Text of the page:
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Posture Prompts: your mother was right!

We’ve all been told we should sit up straight, but usually nobody tells you why. It’s not just to be taller and look better. 


Between each pair of vertebrae of your spine, a nerve exits to the right and left, sending signals to different organs about when and how to function.

If a nerve gets squashed between 2 vertebrae, it is very painful, and that nerve won’t be working properly to deliver its information to the organs it supports. 


The discs between the vertebrae act as shock-absorbers that prevent the vertebrae from grinding together. If they are damaged, that can cause pain and degeneration. Significant damage to a disc, such as from a fracture or bad fall, can cause reduced spinal flexibility and strength. 


Standing tall gives your organs more space. This allows them to move freely. Did you know that the average liver moves 1 – 2 cm down when we inhale deeply? Your breathing is a gentle massage to your inner organs: standing tall makes the most of that! 


But we aren’t always aware of our posture. It can be affected by our work, our habits, and by accidents. People around us may be too polite to comment on our deteriorating posture. 


The spine in our necks should be a slightly C-shaped curve, with the bend of the C at the front. As a result of modern lifestyles, with a lot of leaning forward over computer keyboards and looking down at desks and screens, many of us have necks that curve backwards instead. Our heads may end up inches in front of their optimal balanced position! 


The average adult head weighs about 10-12 pounds or 4.5-5.5 kilograms. If balanced nicely at the top of your spine, that weight is well supported. When your head is held forward of your spine, the muscles at the back of your neck have to work harder and become overworked and stretched. And the muscles at the front of our bodies get used to staying in a shortened tight state, so it’s good to consciously correct those.


Here are some easy ways to do that: 


  1. Roll your shoulders: up, then back, then down, then forward. Imagine making big circles with your shoulder blades.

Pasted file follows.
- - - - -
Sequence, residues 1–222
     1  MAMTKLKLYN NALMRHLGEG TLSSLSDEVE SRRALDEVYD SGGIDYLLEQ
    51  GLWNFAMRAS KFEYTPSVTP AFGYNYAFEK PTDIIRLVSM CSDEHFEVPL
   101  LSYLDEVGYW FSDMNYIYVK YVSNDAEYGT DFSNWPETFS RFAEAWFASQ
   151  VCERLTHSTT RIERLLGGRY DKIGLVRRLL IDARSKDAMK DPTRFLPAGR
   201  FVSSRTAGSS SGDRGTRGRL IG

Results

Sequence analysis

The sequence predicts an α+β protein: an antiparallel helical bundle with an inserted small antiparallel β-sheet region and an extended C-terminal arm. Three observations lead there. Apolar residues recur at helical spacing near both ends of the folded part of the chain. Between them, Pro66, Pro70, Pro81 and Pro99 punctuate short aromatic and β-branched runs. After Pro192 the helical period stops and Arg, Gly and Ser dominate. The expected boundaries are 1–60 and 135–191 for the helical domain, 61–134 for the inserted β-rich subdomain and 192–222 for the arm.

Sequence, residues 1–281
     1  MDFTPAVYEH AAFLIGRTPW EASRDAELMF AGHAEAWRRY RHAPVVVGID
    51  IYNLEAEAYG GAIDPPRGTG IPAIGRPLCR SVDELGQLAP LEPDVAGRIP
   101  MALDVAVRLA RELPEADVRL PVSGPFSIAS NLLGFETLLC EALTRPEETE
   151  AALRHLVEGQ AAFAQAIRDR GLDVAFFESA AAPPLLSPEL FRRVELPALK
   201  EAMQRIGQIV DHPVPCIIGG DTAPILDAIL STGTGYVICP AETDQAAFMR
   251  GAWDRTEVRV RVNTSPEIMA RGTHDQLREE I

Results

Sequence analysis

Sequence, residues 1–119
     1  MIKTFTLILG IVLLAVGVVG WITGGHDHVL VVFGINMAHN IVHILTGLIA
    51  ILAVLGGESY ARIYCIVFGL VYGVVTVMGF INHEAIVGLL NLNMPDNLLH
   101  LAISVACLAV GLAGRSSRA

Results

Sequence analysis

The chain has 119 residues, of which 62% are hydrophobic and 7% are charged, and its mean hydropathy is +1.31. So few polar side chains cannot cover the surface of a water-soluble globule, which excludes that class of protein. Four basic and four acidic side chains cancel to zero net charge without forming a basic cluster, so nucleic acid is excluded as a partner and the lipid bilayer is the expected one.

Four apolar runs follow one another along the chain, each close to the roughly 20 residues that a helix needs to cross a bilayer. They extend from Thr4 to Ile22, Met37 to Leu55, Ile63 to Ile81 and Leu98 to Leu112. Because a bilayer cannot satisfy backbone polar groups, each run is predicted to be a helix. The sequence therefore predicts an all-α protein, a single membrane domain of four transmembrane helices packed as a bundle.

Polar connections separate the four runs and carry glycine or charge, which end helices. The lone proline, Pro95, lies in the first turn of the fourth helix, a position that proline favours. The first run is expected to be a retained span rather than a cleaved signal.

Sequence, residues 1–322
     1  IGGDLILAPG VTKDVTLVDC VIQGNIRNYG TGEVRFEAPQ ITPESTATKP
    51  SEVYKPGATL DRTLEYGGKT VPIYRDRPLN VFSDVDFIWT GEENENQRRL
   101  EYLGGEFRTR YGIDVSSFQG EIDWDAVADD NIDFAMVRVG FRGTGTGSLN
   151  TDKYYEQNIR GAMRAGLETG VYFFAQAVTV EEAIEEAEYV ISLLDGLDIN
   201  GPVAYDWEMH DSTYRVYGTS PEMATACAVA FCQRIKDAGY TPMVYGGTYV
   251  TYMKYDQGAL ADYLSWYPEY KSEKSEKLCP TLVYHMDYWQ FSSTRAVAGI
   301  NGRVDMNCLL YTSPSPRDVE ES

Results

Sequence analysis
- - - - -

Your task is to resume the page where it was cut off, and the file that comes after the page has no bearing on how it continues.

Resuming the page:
2. Hold your arms out sideways at shoulder height with your elbows bent at 90 degrees so your forearms are pointing up towards the ceiling, then move your arms backwards so that your shoulder blades move closer together.   

  3. Sit up straight with your arms behind your head and gently move your elbows backwards.


Just doing one of these a few times a day is a help. If you are working on a computer, set a timer to remind you to take a minute to do these during your day.

To help you stand and sit better:


  1. Backpacks are better for helping our shoulders stay back, than bags or purses worn over the shoulder.

  2. Roll your spine out before you go to sleep. When you lie down in bed, briefly sit up, move your bottom a couple of inches down the bed, then unroll your spine towards your pillow, thinking of it elongating as you do so. You’ll probably find that your head tucks into the same place on the pillow as it did before, showing that you have just elongated your spine, and the muscles around it, before relaxing into sleep.  

  3. Envisage hanging from a thread at the back of your head, and keep your shoulders wide and relaxed. This is a very good start overall, and makes space that allows your neck and spine to become longer and your neck to become straighter.

  4. Put your fingers on the vertebra at the base of your neck, and mentally push that vertebra backwards into your fingers. Go up the neck, one vertebra at a time, doing the same, until you get to the top.  

  5. Put your finger on your chin and push your chin directly backwards. This brings your neck into better alignment, and tucks your chin down.

  6. If your fingertips are numb or tingly when you wake in the morning, it is likely because of your neck position at night. Nerves from the lower half of your neck travel down your arm. If they are pinched in your neck, it is often your fingertips that will feel it, so look to how your pillow supports your neck at night. You want your neck comfortably supported, but not pushed forwards.  

  7. Keep an eye on your posture: When sitting good and tall in your car, adjust your rear-view mirror to the perfect angle. If later you notice the mirror isn’t correctly positioned, adjust yourself, not the mirror!

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